Preventing a minor, insider accident from becoming a security catastrophe
- By Chris LaPoint
- Feb 11, 2015
There are accidents – and then there are accidents.
A dog eating a kid’s homework is an accident. Knocking over a glass of water is an accident. A fender-bender at a stop sign is an accident.
The incorrect use of personal devices or the inadvertent corruption of mission-critical data by a government employee can turn out to be more than simple accidents, however. These activities can escalate into threats that can result in national security concerns.
These types of accidents happen more frequently than one might expect — and they’ve got DOD IT professionals worried. Because for all of the media and the government’s focus on external threats — hackers, terrorists, foreign governments, etc. — the biggest concern continues to be threats from within.
This concern is not solely focused on intentional harm, as IT administrators are recognizing that many of the most potent threats can arise from simple human error. As a recent survey by my company, SolarWinds, points out, administrators are especially cognizant of the potential for fellow colleagues to make havoc — inducing mistakes. Yes, it’s true: DOD technology professionals are just as concerned about the person next to them making a mistake as they are of an external Anonymous-style group or a rogue hacker.
Given this, it’s fair to ask whether or not federal agencies are focusing their security efforts appropriately. According to our survey, the answer is “maybe not,” as respondents feel that their agencies’ investments remain primarily centered on the external problem.
So, what are agencies doing to tackle internal mistakes? Primarily, they’re bolstering federal security policies with their own security policies for end users. This involves gathering intelligence and providing information and training to employees about possible entry points for attacks.
While this is a good initial approach, it’s not nearly enough.
Additional policies and training alone don’t address the root of the problem, which is the sheer volume of devices and data that are creating the mistakes in the first place. These factors are causing the potential for accidents to increase through any number of ways. Unauthorized and unsecure devices could be compromising the network at any given time, without users even realizing it. Phishing attacks, accidental deletion or modification of critical data, and more have all become much more likely to occur.
IT professionals need more than just intuition and intellect to address compromises resulting from internal accidents. As I’ve written before, networks are simply too complex for that type of exclusive approach. Any monitoring of potential security issues should include the use of technology that allows IT administrators to pinpoint threats as they arise, so they may be addressed immediately and without damage.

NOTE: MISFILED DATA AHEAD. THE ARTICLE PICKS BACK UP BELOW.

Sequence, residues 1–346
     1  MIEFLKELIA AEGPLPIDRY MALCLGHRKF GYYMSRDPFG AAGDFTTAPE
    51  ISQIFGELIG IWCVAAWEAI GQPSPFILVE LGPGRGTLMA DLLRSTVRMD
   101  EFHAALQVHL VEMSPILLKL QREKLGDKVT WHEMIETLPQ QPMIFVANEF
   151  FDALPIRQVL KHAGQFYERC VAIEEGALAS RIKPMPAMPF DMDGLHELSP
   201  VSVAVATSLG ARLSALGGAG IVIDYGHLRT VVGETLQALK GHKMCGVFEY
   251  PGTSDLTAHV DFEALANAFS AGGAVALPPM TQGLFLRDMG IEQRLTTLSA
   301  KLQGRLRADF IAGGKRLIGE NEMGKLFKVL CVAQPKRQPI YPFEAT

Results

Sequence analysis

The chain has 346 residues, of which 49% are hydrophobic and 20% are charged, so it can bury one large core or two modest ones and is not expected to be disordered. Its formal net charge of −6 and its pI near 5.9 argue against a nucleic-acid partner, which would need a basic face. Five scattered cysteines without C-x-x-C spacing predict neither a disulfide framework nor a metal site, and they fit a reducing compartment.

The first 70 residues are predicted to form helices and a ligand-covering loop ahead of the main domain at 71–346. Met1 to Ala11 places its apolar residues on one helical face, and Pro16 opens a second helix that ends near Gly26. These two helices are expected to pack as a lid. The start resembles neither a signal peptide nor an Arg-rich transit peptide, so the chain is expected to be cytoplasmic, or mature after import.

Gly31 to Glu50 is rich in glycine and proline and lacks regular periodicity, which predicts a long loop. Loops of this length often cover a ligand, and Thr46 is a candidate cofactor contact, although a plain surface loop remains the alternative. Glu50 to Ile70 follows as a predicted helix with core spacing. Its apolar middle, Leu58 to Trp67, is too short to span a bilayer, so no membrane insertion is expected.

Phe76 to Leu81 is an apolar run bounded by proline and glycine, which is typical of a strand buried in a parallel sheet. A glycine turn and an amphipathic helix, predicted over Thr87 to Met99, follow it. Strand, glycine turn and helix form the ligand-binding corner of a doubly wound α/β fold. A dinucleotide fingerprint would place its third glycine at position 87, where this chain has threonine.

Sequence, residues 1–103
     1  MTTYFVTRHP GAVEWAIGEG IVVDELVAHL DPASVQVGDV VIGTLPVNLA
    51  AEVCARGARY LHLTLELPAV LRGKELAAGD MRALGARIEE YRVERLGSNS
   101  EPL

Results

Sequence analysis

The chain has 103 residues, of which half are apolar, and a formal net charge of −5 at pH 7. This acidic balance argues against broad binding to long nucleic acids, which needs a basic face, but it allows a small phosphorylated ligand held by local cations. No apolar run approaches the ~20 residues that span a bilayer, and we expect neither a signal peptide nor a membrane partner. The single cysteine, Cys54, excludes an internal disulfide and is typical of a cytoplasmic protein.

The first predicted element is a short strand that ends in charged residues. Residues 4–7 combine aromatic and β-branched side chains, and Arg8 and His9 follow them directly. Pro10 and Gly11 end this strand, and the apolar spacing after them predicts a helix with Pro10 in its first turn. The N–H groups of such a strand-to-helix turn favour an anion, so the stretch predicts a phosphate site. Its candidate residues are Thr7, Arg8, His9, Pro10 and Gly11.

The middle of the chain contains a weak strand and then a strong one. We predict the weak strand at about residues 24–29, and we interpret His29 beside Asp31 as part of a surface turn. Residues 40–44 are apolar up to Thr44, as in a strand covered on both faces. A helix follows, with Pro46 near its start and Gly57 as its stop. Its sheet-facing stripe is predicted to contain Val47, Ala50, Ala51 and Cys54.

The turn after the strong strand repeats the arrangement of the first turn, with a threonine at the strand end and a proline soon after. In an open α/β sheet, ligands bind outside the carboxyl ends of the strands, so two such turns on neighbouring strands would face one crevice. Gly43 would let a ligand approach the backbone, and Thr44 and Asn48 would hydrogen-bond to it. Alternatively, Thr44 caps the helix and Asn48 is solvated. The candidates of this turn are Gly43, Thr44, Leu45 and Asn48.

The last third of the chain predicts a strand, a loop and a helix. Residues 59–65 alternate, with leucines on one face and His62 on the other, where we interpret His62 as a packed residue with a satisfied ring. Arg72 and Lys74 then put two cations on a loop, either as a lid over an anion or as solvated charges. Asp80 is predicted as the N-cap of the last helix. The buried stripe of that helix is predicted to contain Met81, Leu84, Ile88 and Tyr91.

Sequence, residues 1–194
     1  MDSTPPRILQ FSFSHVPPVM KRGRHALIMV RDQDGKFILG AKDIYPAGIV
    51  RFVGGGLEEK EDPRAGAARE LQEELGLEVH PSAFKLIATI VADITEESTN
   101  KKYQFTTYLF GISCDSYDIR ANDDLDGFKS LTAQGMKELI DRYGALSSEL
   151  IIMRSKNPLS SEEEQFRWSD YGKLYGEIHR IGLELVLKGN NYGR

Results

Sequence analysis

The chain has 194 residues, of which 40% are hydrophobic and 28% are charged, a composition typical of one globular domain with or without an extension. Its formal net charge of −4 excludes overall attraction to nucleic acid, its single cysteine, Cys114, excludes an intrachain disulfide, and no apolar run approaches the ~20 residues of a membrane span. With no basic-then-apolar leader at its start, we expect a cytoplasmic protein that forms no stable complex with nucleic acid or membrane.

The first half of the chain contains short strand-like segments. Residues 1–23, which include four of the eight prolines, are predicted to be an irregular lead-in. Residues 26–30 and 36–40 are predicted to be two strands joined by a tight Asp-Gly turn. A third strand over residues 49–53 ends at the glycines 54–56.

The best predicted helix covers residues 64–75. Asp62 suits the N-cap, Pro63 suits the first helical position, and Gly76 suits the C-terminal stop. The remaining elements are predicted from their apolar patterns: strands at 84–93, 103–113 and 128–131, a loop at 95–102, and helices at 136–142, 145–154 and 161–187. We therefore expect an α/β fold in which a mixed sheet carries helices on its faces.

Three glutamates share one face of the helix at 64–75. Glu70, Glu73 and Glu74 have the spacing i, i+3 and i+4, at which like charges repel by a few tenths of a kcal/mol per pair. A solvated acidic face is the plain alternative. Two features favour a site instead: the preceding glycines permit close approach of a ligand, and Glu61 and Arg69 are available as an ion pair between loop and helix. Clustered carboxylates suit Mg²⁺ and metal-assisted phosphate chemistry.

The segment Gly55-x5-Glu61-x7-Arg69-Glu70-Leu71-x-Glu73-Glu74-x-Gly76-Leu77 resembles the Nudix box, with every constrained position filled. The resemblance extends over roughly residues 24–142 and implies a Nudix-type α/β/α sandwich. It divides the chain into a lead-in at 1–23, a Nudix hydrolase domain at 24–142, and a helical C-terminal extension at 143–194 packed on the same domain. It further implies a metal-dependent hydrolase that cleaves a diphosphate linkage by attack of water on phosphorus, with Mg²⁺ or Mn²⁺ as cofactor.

Thankfully, there are a variety of best practices and tools that address these concerns and nicely complement the policies and training already in place, including:
- Monitoring connections and devices on the network and maintaining logs of user activity to track: where on the network certain activity took place, when it occurred, what assets were on the network, and who was logged into those assets.
- Identifying what is or was on the network by monitoring network performance for anomalies, tracking devices, offering network configuration and change management, managing IT assets, and monitoring IP addresses.
- Implementing tools identified as critical to preventing accidental insider threats, such as those for identity and access management, internal threat detection and intelligence, intrusion detection and prevention, SIEM or log management, and Network Admission Control.
Our survey respondents called out each of these tools as useful in preventing insider threats. Together and separately, they can assist in isolating and targeting network anomalies. Log and event management tools, for example, can monitor the network, detect any unauthorized (or, in this case, accidental) activity, and generate instant analyses and reports. They can help IT professionals correlate a problem — say, a network outage — directly to a particular user. That user may or may not have inadvertently created an issue, but it doesn’t matter. The software, combined with the policies and training, can help administrators attack it before it goes from simple mistake to “Houston, we have a problem.”
The fact is, data that’s accidentally lost can easily become data that’s intentionally stolen. As such, you can’t afford to ignore accidental threats, because even the smallest error can turn into a very large problem.
Chris LaPoint is vice president of product management at IT management software provider SolarWinds, based in Austin, Texas.